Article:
Boolean search

What is Boolean Search?
A Boolean search is the most basic form of searching for information on the Internet search engines or databases. Boolean search provides the most basic and effective principles for searching the Internet. Boolean searches include the AND, OR, NOT, and NEAR operators that are used when searching for information in sentences containing keywords. A Boolean search is also known as a Boolean query.

A Boolean search, derived from the famous Boolean logic developed by George Boole, a 19th century English mathematician, is useful in Internet and database searches.

When using the Boolean search method, you can either use the words or the appropriate math symbol as given below:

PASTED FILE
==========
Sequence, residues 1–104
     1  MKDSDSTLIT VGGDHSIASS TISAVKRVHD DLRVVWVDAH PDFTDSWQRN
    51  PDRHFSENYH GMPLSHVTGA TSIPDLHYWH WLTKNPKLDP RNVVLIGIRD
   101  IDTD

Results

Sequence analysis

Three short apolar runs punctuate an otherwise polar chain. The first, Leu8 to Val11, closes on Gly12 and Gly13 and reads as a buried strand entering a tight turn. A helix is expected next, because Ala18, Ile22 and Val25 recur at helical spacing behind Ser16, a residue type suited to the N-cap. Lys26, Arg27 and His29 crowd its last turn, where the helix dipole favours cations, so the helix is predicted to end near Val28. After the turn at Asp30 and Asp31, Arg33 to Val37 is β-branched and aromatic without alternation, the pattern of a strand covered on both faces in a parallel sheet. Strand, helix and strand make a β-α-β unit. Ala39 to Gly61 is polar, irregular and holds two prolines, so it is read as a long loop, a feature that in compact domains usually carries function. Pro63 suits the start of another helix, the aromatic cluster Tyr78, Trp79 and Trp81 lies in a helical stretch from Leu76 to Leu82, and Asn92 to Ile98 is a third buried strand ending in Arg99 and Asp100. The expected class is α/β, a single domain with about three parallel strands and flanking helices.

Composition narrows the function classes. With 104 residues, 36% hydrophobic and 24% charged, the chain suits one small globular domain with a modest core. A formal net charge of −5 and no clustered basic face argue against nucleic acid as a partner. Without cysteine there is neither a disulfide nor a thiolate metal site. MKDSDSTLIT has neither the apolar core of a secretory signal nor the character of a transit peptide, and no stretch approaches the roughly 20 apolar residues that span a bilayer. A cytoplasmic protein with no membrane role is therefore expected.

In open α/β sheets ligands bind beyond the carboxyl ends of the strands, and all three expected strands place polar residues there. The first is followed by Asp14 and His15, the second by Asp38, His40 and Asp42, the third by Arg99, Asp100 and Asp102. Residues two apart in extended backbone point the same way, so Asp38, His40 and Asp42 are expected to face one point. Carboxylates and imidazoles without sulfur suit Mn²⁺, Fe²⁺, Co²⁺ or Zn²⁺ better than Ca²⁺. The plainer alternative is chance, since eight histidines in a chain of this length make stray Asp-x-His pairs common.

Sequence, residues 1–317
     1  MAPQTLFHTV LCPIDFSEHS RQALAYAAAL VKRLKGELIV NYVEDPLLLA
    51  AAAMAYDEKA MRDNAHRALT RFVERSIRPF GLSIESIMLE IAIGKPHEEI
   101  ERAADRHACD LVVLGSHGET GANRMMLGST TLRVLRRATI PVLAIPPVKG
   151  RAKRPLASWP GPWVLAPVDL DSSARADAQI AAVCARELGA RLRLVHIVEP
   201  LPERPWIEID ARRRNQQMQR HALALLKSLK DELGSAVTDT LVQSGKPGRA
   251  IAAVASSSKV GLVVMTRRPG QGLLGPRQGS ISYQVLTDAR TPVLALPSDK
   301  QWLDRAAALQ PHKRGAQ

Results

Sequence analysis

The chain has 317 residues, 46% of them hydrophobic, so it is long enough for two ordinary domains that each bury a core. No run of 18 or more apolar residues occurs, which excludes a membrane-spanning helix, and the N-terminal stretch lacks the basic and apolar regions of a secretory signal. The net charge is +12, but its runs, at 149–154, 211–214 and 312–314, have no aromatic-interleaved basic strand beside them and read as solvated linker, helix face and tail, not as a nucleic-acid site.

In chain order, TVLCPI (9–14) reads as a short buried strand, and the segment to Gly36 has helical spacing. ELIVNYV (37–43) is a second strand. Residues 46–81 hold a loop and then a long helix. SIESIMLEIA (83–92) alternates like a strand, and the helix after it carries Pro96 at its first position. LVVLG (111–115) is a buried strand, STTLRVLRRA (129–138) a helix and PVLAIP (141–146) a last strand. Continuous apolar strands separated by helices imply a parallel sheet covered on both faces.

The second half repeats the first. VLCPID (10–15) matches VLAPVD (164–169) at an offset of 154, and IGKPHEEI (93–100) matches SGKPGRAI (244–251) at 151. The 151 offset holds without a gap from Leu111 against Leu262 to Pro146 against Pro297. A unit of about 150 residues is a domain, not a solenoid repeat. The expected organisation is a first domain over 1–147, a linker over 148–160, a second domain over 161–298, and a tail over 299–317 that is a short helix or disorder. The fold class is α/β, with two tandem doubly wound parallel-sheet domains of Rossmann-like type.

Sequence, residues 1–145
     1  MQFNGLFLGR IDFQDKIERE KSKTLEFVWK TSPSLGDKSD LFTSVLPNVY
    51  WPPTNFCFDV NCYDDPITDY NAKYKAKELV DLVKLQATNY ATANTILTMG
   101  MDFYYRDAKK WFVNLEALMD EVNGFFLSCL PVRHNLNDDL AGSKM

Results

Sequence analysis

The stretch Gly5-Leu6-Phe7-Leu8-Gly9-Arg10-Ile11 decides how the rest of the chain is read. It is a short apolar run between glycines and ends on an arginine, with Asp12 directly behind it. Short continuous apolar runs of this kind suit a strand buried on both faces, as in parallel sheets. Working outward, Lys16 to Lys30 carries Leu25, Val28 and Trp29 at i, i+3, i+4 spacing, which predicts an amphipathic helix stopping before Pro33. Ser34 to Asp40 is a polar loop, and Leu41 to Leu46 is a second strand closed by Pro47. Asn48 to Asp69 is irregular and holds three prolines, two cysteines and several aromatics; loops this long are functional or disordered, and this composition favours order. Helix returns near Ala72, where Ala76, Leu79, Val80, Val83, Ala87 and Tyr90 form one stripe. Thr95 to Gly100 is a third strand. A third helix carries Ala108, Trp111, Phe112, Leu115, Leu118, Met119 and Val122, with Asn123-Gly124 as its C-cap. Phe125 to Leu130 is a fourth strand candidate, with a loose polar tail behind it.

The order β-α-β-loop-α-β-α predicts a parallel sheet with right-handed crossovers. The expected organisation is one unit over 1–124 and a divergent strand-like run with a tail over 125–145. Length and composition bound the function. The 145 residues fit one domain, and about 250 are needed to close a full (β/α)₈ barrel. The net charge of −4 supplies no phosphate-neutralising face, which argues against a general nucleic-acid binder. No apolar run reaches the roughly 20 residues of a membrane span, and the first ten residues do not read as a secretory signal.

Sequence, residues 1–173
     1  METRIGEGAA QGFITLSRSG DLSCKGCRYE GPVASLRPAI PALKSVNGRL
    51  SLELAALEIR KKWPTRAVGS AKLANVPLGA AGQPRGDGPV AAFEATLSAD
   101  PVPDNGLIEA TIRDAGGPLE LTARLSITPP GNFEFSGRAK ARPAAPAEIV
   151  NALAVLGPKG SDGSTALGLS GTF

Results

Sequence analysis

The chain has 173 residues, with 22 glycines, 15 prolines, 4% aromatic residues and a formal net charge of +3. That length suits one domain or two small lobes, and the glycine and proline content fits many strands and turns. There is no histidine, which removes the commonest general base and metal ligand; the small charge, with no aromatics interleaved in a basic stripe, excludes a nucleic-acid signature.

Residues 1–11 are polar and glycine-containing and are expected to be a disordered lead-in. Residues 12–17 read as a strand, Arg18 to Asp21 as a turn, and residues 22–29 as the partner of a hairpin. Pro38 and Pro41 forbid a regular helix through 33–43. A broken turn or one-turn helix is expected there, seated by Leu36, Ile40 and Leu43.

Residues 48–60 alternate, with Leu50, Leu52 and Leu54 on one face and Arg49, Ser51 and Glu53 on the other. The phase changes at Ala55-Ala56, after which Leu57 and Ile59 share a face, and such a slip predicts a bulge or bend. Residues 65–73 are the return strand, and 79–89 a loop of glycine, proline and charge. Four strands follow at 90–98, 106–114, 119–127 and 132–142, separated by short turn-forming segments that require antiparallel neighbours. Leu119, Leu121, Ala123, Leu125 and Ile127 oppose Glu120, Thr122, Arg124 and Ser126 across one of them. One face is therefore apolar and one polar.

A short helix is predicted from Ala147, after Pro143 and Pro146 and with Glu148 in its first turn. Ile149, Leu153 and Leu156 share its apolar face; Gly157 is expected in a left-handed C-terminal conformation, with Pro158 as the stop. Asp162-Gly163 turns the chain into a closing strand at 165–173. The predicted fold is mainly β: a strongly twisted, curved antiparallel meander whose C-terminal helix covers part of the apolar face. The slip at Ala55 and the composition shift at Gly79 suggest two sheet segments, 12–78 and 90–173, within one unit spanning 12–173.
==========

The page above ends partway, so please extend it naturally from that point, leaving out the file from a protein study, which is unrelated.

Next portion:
AND is equal to + in math. For example, if the user specifies 'cats AND kittens', they will only return results that contain both terms.

NOT is the same - in mathematics. Example: 'cats NOT kittens' means that only results with the term 'cats' that do not contain the term 'kittens' are returned.

OR means that the search engine is looking for information related to all keywords entered by the user. For example, 'cats OR kittens' extends the search by combining all of the terms and returning results that contain either term.

NEAR means that the search engine looks for information related to all keywords that are within a certain number of words (which may vary depending on search algorithms) of each other. Example: 'cats NEAR kittens' would only return results that contain both terms in close proximity to each other.

Was the explanation to "Boolean search"Helpful? Rate now:

Further explanations for the initial letter B